A Community Devoted to the Preservation and Practice of Celestial Navigation and Other Methods of Traditional Wayfinding
From: Francis Upchurch
Date: 2015 Oct 8, 22:36 -0700
I have a 6 year old Rotary mechanical (automatic wind) Chinese built watch (about $100 back then) with glass faces showing the internals a la an open H4.( I fanstasize it maybe an H4 while at sea) Harrison would probably have recognised most of the wirly, tick tock bits except maybe the movement winder and the lack of bi-metalic parts .The Invar alloy, temperature and magnetic insensitive, would have amazed him no doubt and made some of his inventions, such as bi-metallic strips, obsolete.
3 years ago, I did a mock "Longitude prize test", 4 weeks (didn't go to Jamaica, just coastal sailing in Cornwall).
If warn on the wrist 24/7 at sea, it lost on average 20 secs per day.If warn just a few hours and removed, tended to lose anything from 10- 50 secs per day. So presumably the constant wearing reduces variable temperature and static positon effects and gives more constant winding?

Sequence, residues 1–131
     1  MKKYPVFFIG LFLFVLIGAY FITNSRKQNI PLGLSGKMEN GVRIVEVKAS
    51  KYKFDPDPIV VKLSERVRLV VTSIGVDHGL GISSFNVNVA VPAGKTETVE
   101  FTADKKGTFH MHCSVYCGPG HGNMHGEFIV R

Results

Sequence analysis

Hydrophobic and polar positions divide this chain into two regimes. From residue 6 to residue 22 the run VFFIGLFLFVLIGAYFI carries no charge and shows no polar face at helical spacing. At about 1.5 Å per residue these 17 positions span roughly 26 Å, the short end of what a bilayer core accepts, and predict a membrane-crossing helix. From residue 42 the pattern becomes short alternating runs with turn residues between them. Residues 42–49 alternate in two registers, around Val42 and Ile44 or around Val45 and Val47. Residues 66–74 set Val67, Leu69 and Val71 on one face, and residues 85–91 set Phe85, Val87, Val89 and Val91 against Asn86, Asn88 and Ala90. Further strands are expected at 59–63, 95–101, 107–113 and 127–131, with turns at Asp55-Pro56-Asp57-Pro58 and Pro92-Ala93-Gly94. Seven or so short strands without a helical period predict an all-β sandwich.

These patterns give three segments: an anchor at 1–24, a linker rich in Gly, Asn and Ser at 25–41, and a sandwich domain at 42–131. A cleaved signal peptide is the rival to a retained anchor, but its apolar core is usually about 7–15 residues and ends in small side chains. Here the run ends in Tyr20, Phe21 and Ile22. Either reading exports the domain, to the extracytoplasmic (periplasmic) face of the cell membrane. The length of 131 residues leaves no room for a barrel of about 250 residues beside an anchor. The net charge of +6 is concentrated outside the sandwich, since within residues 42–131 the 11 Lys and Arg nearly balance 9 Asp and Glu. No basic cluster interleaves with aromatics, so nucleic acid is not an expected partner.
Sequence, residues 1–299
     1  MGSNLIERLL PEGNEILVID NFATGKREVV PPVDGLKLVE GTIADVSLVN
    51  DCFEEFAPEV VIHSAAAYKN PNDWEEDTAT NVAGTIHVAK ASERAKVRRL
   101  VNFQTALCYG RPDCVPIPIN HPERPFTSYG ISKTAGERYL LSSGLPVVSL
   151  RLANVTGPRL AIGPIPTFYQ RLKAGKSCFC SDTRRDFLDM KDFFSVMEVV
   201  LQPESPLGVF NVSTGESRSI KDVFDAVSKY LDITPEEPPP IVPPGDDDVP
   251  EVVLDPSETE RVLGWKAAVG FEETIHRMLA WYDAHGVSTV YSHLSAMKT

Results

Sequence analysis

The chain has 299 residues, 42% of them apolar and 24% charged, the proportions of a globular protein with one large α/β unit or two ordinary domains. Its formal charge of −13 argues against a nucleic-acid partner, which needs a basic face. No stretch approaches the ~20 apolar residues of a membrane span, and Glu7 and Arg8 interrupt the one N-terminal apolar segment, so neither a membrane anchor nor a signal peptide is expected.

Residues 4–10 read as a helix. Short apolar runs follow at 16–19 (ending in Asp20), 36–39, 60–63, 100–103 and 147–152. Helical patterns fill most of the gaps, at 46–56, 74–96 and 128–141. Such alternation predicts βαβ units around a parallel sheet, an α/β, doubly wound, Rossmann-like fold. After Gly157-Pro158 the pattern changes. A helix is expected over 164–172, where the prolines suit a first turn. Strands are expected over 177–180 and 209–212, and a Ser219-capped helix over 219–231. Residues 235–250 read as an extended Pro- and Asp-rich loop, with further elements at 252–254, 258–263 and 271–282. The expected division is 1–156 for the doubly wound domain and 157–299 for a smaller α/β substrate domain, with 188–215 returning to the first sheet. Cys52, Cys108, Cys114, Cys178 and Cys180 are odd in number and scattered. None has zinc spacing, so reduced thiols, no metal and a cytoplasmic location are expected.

Anyways, a graph drawn through the 20 secs per day lost, gave me predicted rate which gave me good accuracy after 4 weeks, well under 2 minutes out.So I claim the prize please, Longitude Board! With inflation, that would be about £3million. please pay direct into my offsore account. !
My favourite quartz is my Citizen eco drive divers, virtually bullet proof. Generally good for +2 secs per month whatever I do with it, direct sun, sea or dropping.
The pictures are not to scale! Roughly similar size.
I also like to do "no clock" cel nav using lunars,bit like Slocum, using a towed log to get distance run between observations. I haven't written up my recent few experiments yet, but Longitude by lunars and no clock generally within 30 nm. most of my longitudes using the Rotary were within 5-20 nm. So the clock beats the moon, at least with my lunars at sea.
All great fun! Greg, I think JS Letcher used only an 8 day aircraft panel clock in the 1960s, $22 ($170 now).